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D. G. McMahon, G. Ruan; Clock Gene Dependence of Mouse Retinal Circadian Clock. Invest. Ophthalmol. Vis. Sci. 2010;51(13):893.
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Mammalian circadian rhythms are generated by an autoregulatory network of "clock genes" that are expressed in a wide variety of tissues and cells. The effects of clock gene deletion on clock function have been found to be tissue-specific, with the highly coupled central neural clock (suprachiasmatic nucleus, SCN) being more resistant to genetic disruption than peripheral tissue clocks in which there is little evidence of cellular coupling. Here we tested the effects of genetic deletion of canonical clock genes on the function of the retinal biological clock in vitro.
Knockout mice for Per1, Per2, Per3, Cry1, Cry2, and Clock (gifts of D. Weaver, A. Sancar, and S. Reppert) were crossed with luciferase reporter strains and molecular circadian rhythms were measured in retinal whole-mounts as in Ruan et al., 2008.
Retinas from Per1-/-, Cry1-/-, and Clock-/- mice were arrhythmic or showed severely disrupted gene cycling, whereas retinas from Per2-/-, Per3-/- and Cry2-/- mice were robustly rhythmic. In addition, Cry1 gene dosage on a Cry2 KO background affected retinal freerunning period with Cry1+/-Cry2-/- exhibiting a lengthened period of ca. 27 hours compared with ca. 25 hours for Cry1+/+Cry2-/-.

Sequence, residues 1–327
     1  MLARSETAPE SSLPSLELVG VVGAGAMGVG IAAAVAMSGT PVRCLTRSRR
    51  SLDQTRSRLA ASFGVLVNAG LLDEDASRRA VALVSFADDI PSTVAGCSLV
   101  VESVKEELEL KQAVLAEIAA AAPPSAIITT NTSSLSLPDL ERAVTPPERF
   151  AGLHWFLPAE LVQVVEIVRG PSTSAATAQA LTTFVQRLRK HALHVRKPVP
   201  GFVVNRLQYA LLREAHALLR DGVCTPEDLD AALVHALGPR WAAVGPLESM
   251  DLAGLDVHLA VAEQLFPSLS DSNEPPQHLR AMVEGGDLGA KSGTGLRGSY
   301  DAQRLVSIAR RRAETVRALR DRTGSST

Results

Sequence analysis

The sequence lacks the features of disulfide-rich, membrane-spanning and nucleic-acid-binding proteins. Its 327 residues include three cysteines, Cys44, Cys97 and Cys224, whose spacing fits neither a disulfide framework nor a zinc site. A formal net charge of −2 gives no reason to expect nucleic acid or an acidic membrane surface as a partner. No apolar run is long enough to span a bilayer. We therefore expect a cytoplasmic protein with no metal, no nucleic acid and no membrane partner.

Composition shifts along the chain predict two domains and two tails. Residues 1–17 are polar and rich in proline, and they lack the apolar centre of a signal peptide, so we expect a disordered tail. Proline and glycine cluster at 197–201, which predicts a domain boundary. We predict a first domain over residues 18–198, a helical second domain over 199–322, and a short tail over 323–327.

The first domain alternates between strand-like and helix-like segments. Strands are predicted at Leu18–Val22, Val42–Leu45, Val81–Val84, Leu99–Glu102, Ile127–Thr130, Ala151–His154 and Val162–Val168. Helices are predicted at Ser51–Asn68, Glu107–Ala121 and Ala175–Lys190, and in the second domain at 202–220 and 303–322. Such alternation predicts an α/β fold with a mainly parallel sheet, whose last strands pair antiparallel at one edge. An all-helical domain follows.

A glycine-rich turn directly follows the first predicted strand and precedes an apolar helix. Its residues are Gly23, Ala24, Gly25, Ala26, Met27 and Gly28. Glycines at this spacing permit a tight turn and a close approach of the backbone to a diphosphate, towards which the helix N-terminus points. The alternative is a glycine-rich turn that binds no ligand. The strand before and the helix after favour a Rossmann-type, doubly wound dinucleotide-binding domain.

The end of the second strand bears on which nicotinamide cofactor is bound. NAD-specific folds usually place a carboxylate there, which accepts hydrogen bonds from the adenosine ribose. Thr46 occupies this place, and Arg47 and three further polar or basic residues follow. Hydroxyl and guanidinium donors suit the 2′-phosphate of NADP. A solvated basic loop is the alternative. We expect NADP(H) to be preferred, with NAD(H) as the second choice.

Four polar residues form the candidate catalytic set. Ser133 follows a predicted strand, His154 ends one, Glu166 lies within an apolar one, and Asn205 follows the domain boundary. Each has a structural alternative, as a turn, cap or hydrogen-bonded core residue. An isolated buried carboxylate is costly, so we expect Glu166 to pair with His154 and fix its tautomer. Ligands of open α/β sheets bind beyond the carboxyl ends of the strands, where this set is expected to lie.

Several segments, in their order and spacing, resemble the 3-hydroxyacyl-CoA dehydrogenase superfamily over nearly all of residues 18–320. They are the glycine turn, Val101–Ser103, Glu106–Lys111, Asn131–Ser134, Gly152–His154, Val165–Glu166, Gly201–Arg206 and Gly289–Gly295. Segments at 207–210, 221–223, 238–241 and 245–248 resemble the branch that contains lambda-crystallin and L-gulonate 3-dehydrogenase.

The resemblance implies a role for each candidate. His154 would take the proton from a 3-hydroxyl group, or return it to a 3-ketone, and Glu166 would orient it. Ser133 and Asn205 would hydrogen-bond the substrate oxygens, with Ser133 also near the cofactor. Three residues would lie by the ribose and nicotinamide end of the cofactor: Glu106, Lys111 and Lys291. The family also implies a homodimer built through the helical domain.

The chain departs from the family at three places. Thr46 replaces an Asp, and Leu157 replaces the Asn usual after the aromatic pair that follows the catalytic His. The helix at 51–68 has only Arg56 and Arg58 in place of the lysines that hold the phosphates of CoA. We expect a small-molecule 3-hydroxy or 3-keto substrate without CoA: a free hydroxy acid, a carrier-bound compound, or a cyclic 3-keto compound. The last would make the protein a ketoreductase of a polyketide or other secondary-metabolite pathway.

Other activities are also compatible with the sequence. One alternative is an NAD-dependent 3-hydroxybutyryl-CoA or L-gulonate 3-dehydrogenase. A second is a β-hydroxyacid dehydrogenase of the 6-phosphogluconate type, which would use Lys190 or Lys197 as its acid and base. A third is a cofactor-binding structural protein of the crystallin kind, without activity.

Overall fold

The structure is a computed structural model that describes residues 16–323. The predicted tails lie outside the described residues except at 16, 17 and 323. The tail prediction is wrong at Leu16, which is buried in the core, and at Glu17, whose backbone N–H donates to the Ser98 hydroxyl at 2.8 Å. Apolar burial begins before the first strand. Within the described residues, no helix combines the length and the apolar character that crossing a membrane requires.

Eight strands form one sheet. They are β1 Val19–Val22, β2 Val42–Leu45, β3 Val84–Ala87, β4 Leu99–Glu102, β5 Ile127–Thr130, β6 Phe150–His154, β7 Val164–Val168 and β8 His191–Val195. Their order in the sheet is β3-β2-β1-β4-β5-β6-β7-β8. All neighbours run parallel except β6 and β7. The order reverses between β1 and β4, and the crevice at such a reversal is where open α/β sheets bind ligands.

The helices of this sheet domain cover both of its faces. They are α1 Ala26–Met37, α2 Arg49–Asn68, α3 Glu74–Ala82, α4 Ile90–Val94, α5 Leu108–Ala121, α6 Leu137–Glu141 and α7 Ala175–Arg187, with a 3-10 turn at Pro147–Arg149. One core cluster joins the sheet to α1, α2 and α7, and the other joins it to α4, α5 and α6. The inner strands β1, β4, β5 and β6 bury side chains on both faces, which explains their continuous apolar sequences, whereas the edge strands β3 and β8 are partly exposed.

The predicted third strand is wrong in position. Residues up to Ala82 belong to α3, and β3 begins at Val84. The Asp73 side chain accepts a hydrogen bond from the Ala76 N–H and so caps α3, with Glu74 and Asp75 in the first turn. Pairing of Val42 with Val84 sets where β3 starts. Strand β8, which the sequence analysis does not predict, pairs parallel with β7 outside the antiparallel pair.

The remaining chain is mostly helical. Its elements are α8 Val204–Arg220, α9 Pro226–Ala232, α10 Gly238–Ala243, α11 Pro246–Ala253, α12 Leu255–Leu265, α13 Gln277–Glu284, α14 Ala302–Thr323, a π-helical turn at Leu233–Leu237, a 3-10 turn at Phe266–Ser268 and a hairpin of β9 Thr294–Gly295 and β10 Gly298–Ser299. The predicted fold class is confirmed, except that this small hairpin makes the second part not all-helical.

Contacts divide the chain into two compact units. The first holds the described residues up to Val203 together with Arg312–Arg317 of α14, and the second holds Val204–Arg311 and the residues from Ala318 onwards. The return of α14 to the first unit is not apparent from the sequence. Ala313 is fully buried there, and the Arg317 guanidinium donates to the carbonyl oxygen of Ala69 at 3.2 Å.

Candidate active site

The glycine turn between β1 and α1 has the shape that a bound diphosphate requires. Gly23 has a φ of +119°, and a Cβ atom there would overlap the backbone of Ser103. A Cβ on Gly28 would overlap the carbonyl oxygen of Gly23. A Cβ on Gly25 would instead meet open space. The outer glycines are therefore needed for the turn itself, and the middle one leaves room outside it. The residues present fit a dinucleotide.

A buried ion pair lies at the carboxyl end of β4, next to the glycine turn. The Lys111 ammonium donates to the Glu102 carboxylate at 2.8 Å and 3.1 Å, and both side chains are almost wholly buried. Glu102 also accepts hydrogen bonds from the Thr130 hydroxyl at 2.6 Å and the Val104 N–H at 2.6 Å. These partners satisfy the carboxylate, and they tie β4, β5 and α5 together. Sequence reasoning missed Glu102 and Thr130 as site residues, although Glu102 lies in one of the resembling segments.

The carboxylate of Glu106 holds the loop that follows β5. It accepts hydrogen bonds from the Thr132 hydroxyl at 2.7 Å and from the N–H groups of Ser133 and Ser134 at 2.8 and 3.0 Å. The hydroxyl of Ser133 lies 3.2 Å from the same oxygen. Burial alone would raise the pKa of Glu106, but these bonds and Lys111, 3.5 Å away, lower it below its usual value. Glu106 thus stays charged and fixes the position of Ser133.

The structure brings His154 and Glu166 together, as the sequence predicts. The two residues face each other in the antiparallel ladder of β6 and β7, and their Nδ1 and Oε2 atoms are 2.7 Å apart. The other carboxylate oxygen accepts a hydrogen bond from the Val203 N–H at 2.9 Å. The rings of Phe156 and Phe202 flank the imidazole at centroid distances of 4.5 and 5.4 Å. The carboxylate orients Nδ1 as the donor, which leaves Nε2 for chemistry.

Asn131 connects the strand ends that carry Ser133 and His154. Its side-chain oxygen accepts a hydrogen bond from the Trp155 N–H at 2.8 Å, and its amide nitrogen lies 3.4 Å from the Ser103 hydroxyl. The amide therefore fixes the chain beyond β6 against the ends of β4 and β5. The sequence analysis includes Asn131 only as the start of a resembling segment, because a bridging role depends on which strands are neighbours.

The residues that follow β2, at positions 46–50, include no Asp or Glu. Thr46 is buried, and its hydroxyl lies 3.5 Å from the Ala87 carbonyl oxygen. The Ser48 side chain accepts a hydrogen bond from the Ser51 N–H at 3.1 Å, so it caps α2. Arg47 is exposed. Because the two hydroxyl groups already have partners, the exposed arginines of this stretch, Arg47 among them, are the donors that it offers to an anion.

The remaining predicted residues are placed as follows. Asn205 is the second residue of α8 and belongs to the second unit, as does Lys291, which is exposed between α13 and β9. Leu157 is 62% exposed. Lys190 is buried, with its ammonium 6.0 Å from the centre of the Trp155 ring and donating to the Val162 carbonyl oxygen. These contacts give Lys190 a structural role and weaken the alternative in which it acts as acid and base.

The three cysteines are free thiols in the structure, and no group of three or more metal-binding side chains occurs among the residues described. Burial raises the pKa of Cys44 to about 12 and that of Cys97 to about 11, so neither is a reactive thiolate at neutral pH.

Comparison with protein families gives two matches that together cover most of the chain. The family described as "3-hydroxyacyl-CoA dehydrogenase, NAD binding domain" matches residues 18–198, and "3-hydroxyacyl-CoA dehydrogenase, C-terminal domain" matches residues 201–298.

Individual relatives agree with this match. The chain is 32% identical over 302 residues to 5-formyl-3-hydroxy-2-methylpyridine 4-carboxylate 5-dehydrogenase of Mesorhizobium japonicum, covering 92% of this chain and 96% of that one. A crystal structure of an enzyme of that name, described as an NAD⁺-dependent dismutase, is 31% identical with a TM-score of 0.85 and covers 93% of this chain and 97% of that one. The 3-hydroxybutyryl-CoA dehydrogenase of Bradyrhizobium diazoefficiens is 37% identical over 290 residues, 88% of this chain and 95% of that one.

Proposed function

The clock gene dependence of the retinal molecular circadian clock is unique among tissues tested to date. Whereas Per1, Cry1 and Clock are individually dispensable for SCN rhythmicity, their deletion disrupts the retinal clock, similar to peripheral tissue clocks. On the other hand, Per2, which is necessary for peripheral clock function, is dispensable for retinal clock function. These data suggest that the retinal circadian clock may lack the compensatory coupling mechanisms of the SCN neural clock and that it may be more vulnerable to genetic perturbation than the central clock. Supported by NEI R01 EY15815 to DGM.
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